Omni-channel distribution is shaking things up—from consumer expectations to supplier demands on raw materials. As with any great leap forward in business, once the adrenaline of change wears off, the realities of growing pains can be a serious wake up call. Fulfillment technology—once the crown jewel of efficiency—becomes something of a liability as new trails are blazed and new platforms conquered. Feeling a little vertigo from the hop into that sweet spot where sales and multitasking meet? It's time for a much-needed check of your current techology's capabilities.
1. Do You Need To Change?
Can your current ERP setup handle the demands of omni-channel, or is it already beginning to devolve into a series of workarounds and digital band-aids? Even if it's not ideal, if your system is working without undue amounts of coaxing and daily fixes, it may be worth keeping it around. As Forbes' Louis Columbus explains, an upgrade isn't something to be undertaken lightly. You'll need a professional team, a project manager and a "Plan B" if something goes wrong or your site goes dark. It's a lot of pressure, but mitigating that stress starts with making a firm yea or nay decision on changing or revamping your entire ERP approach.
2. How Much Support Can You Count On?
One is indeed the loneliest number—especially if it's the number of voices truly committed to examining and adjusting your company's warehouse management systems.
For those removed from the constant work of "fixes," uprooting an entire comfortable and familiar system in the name of progress can foster a lot of resistance. If you are planning on leveling or building new ERP or WMS connections from scratch, be sure you have the backing of executives and management alike before you make any lasting decisions. Ian Hobkirk of Supply Chain 247 points out that warehouse staff may end up being your biggest obstacle to radical change, so be sure you have a few names in your corner first.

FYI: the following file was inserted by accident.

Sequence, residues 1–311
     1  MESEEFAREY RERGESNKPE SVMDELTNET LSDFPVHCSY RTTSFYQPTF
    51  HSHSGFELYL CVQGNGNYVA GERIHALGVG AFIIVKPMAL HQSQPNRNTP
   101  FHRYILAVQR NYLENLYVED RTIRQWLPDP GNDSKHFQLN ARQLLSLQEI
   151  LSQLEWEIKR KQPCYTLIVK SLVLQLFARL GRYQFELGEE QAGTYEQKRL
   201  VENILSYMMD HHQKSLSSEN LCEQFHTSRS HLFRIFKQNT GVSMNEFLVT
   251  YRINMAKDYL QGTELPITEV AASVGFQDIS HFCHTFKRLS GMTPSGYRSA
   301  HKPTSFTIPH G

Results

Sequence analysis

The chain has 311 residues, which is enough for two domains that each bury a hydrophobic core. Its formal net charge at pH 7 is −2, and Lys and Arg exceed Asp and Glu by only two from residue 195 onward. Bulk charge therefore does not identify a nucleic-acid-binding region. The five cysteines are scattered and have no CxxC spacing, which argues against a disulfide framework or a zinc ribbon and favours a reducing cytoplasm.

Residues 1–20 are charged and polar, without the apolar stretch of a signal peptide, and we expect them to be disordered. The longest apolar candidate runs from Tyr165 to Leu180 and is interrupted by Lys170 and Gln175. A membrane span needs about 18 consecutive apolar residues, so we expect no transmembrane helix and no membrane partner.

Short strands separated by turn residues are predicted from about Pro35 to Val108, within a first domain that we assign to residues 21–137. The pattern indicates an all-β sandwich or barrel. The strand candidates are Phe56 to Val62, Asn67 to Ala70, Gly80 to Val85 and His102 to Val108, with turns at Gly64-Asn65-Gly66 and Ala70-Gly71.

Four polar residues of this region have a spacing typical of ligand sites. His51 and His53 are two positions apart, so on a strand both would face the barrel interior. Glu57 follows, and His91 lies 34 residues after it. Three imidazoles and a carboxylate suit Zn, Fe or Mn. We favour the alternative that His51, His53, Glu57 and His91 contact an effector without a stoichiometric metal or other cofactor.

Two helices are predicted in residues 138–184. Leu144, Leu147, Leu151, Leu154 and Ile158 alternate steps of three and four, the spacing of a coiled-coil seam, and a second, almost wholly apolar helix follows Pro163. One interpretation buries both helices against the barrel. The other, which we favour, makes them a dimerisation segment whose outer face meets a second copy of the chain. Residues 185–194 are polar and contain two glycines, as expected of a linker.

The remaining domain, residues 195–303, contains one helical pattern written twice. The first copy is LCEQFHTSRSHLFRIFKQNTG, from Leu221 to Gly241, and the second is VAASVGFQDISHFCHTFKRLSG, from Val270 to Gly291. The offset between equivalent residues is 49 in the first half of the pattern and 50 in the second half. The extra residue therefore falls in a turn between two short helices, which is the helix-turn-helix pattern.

3. Don't Forget Your Hardware
While some new hardware—scanning guns, printers, program installation—is expected in an upgrade, other pieces may not be so obvious. Monitors need to have the size and resolution clarity to be read by passing eyes in a warehouse, existing hard drives may not have the storage necessary for bigger software files. When considering the cost of implementing supply chain technology upgrades, don't sell yourself short. Make sure your list is comprehensive and errs on the liberal side of cost to provide a realistic working result.
4. Go with the Workflow
Getting the tech in place and functional is only half the battle. If you do choose to upgrade, make sure that reports, records and other legally-important derivatives are still accessible and collectible from your finished product. As an integral part of your workflow, you'll need to make doubly sure that your downstream output won't be affected in a lasting way by the disruption of an upgrade.
The adage about apologies being easier than asking for permission simply doesn't hold true here.
With supply chain / fulfillment technologies, slow and steady wins the race every time. Don't rush to upgrade or permanently alter an existing ERP approach without being very sure that you're doing actual good, not just upgrading for the sake of upgrading. Company-wide comfort with new systems, thorough testing and need are the trinity of factors determining if your proposed tech updates should see the light of day.
There isn't always a back button on an upgrade, so if you decide to move in that direction, be ready with a talented team to mitigate common issues and guide your company into a new era of sales and distribution.